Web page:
Troy Davis 1968-2011

Broadway Near City Hall (September 20, 2011)

Whether or not he ever realized it, and I doubt he did, Troy Davis, a 42 year old man who was executed in 2011 for the murder of a police officer — he had always maintained his innocence — probably had more to do with the early survival of the Occupy Wall Street than anybody.

Davis maintained his innocence up to his execution. In the 20 years between his conviction and execution, Davis and his defenders secured support from the public, celebrities, and human rights groups. Amnesty International and other groups such as National Association for the Advancement of Colored People took up Davis’s cause. Prominent politicians and leaders, including former President Jimmy Carter, Rev. Al Sharpton, Pope Benedict XVI, Archbishop Desmond Tutu, former U.S. Congressman from Georgia and presidential candidate Bob Barr, and former FBI Director and judge William S. Sessions called upon the courts to grant Davis a new trial or evidentiary hearing.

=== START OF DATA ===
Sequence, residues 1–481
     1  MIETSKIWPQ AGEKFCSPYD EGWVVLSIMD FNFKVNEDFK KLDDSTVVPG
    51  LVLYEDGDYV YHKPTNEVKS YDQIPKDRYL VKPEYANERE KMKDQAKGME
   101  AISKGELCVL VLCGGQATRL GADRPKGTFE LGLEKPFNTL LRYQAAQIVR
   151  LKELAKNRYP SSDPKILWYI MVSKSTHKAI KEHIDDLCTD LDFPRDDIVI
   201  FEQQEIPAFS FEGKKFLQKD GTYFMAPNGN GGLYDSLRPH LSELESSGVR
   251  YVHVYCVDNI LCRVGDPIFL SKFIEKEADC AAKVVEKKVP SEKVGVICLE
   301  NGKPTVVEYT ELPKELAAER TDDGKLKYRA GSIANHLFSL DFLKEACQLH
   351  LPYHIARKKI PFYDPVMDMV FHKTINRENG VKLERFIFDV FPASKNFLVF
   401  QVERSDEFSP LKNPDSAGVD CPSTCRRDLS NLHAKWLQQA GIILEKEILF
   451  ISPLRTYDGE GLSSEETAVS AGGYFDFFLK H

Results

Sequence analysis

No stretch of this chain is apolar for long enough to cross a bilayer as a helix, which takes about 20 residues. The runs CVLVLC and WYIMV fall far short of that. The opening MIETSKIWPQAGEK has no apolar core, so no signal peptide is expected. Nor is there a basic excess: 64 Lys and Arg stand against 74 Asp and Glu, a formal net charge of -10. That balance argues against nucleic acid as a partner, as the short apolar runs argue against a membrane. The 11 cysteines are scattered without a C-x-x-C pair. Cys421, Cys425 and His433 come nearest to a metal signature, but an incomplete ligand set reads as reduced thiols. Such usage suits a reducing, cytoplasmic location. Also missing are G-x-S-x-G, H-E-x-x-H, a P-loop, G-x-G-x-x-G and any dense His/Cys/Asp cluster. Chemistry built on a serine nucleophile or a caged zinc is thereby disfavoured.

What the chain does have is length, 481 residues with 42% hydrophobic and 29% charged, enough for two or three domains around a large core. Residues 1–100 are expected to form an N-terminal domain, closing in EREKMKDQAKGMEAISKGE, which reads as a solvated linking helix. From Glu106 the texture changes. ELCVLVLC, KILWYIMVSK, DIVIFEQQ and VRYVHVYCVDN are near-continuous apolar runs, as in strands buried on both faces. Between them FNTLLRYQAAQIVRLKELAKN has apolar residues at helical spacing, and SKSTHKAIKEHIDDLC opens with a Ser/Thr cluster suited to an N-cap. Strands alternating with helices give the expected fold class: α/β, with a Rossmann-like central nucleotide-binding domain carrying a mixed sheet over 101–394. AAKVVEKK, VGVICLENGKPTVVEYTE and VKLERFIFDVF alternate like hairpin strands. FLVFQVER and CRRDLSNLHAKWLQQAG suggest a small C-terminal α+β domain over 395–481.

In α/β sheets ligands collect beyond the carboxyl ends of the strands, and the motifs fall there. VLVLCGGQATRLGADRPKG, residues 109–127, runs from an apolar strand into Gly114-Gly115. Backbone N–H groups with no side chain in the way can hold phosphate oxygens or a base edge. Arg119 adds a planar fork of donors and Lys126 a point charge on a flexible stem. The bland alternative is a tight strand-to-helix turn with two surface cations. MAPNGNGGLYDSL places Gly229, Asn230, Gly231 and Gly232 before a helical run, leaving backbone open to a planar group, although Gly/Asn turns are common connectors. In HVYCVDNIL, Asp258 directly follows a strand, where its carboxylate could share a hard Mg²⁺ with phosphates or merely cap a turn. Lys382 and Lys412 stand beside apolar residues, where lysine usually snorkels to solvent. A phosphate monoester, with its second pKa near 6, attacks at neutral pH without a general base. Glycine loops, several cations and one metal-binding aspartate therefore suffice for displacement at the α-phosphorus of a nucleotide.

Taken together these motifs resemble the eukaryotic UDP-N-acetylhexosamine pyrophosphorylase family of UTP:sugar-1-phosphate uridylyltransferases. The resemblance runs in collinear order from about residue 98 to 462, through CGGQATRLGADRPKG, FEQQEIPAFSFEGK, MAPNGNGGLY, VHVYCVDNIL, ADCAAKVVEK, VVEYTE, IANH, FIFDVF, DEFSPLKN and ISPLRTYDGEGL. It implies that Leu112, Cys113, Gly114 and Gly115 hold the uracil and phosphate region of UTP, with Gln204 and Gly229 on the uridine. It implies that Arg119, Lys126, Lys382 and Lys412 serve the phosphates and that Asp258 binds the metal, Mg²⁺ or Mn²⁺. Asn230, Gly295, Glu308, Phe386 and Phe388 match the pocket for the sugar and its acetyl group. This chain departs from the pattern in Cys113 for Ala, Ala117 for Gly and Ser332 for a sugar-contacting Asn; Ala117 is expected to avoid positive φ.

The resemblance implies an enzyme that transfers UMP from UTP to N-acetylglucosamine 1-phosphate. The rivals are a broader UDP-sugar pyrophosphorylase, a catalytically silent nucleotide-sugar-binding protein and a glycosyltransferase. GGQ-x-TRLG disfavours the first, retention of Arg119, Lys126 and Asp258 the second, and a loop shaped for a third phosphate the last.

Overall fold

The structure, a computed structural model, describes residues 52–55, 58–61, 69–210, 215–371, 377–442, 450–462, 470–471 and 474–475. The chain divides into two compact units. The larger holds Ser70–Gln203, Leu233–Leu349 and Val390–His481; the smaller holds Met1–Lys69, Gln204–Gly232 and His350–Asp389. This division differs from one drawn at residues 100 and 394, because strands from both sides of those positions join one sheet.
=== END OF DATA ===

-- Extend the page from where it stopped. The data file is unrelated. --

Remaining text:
Near City Hall New York, September 20, 2011

In spite of how Occupy Wall Street was later accused by establishment liberals of being too white or too class based and not sufficiently “intersectional” the first two weeks of Occupy Wall Street often resembled a Black Lives Matter protest. Without the established New York City left who saw the movement as a platform to continue to protest Davis’s impending execution, I’m quite convinced that Occupy would have fizzled out before it even got started. Of course Davis was quickly forgotten almost as soon as the state of Georgia strapped him into the death chamber (and to be honest I had to Google “man executed who inspired early Occupy protests” even to remember his name). But even though he was executed for a crime he probably didn’t commit, Troy Davis didn’t die in vain. The largest protests in and around Zuccotti Park during the first week of Occupy Wall Street mostly involved the “one demand” to stay that very execution. That it’s has largely remained unmentioned among high profile commentators indicates that most of them probably weren’t at Zuccotti Park until the infamous pepper spray video went viral the next week.

Broadway, September 20, 2011

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